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An extremely large overdose may produce symptoms such as adrenergic storm, methamphetamine psychosis, substantially reduced or no urine output, cardiogenic shock, bleeding in the brain, circulatory collapse, hyperpyrexia (i.e., dangerously high body temperature), pulmonary hypertension, kidney failure, rapid muscle breakdown, serotonin syndrome, and a form of stereotypy ("tweaking").This diagram depicts the signaling events in the brain's reward center that are induced by chronic high-dose exposure to psychostimulants that increase the concentration of synaptic dopamine, like amphetamine, methamphetamine, and phenethylamine.As dry mouth is also a common side effect of other stimulants, which are not known to contribute severe tooth decay, many researchers suggest that methamphetamine associated tooth decay is more due to users' other choices.They suggest the side effect has been exaggerated and stylized to create a stereotype of current users as a deterrence for new ones.The FDA also advises individuals with bipolar disorder, depression, elevated blood pressure, liver or kidney problems, mania, psychosis, Raynaud's phenomenon, seizures, thyroid problems, tics, or Tourette syndrome to monitor their symptoms while taking methamphetamine.The physical effects of methamphetamine can include loss of appetite; hyperactivity; dilated pupils ( Mydriasis ); excessive sweating; increased movement; dry mouth and teeth grinding (leading to "meth mouth"); headache; irregular heartbeat (usually as accelerated heartbeat or slowed heartbeat); rapid breathing; high blood pressure or low blood pressure; high body temperature; diarrhea or constipation; blurred vision; dizziness; twitching; muscle cramps, spasms, pain or stiffness; numbness; tremors; dry skin; acne; and pale appearance or flushed skin.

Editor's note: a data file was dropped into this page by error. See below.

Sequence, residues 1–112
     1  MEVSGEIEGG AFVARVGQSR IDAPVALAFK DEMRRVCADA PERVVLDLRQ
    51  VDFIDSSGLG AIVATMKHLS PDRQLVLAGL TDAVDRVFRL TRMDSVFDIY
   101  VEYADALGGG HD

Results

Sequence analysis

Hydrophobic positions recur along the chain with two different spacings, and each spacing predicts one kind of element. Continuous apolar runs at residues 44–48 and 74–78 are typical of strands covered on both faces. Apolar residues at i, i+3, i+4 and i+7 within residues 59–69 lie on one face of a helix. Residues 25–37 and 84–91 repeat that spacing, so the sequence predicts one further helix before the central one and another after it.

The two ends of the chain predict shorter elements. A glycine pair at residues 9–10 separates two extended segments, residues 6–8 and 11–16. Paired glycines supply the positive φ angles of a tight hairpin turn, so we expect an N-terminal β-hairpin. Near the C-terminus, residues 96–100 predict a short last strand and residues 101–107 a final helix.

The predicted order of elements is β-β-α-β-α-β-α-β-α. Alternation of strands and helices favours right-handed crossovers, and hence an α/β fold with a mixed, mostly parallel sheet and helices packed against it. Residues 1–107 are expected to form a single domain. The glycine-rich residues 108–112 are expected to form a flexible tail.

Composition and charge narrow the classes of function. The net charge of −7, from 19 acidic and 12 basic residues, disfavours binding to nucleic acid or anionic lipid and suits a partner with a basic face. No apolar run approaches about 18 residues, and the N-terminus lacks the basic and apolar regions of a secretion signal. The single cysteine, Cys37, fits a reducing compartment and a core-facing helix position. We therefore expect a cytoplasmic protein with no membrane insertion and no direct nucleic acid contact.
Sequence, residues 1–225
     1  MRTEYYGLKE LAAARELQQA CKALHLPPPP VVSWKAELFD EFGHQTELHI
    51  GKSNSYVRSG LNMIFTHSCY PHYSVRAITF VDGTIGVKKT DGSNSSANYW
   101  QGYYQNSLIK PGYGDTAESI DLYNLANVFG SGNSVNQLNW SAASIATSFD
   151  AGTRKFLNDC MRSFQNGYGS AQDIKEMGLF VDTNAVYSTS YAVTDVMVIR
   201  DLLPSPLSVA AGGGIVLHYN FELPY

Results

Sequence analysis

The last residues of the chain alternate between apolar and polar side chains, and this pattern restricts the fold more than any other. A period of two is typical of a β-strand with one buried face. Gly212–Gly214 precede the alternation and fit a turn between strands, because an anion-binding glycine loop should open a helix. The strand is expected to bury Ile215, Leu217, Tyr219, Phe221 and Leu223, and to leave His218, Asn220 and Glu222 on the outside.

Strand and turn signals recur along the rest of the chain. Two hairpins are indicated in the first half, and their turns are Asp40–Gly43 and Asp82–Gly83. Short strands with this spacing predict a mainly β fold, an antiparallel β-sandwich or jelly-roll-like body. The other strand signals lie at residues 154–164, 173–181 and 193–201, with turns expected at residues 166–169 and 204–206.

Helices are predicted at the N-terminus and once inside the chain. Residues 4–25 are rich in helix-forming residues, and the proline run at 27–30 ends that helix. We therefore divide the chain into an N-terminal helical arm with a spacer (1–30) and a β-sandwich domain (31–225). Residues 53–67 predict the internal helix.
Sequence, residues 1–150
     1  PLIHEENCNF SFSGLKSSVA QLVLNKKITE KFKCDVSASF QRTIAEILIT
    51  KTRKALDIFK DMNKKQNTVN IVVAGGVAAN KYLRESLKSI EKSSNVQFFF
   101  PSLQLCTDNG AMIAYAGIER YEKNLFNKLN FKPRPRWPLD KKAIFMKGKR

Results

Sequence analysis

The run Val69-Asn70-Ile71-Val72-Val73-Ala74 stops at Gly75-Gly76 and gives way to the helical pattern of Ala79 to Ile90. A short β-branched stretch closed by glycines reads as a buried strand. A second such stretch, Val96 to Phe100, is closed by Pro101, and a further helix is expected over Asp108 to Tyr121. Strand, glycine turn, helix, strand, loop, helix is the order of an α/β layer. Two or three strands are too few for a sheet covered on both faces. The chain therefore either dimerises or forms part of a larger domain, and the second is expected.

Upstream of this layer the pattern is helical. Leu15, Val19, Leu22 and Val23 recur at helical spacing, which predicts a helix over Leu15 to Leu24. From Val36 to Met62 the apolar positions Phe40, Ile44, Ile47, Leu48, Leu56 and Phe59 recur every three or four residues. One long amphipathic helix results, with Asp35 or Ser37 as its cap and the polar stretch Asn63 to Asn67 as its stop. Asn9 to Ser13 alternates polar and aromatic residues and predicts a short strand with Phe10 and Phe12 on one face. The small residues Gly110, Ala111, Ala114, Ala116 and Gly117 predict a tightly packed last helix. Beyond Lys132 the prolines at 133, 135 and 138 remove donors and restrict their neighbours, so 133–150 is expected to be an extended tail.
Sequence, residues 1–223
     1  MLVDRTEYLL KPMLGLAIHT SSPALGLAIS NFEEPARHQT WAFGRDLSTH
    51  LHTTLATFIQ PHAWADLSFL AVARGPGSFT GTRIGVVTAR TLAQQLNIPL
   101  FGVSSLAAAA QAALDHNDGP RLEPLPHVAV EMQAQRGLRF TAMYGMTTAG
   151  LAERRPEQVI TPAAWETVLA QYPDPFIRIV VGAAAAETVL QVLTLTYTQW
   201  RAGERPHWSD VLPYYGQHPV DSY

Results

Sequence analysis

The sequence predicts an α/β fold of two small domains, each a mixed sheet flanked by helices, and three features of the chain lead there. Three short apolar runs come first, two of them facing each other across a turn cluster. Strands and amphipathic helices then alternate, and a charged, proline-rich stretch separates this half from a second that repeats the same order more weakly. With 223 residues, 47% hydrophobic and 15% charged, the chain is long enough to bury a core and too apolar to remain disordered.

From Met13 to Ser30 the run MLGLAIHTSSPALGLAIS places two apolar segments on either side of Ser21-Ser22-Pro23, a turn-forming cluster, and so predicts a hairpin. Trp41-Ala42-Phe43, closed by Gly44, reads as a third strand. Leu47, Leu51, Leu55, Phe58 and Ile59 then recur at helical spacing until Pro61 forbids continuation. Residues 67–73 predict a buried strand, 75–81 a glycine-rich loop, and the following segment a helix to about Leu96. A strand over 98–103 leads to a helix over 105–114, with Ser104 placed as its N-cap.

The NF-κB-mediated neuroimmune response to methamphetamine use which results in the increased permeability of the blood–brain barrier arises through its binding at and activation of sigma receptors, the increased production of reactive oxygen species (ROS), reactive nitrogen species (RNS), and damage-associated molecular pattern molecules (DAMPs), the dysregulation of glutamate transporters (specifically, EAAT1 and EAAT2) and glucose metabolism, and excessive Ca Moreover, methamphetamine neurotoxicity is associated with an increased risk of Parkinson's disease, an effect which partially arises through excessive cytosolic and synaptic production of reactive oxygen species and autoxidation of dopamine.Dextromethamphetamine is a much stronger CNS stimulant than levomethamphetamine.Both methamphetamine and dextromethamphetamine are illicitly trafficked and sold owing to their potential for recreational use.In particular, methamphetamine appears to cause hyperintensity and hypertrophy of white matter, marked shrinkage of hippocampi, and reduced gray matter in the cingulate cortex, limbic cortex, and paralimbic cortex in recreational methamphetamine users.Moreover, evidence suggests that adverse changes in the level of biomarkers of metabolic integrity and synthesis occur in recreational users, such as a reduction in N-acetylaspartate and creatine levels and elevated levels of choline and myoinositol.

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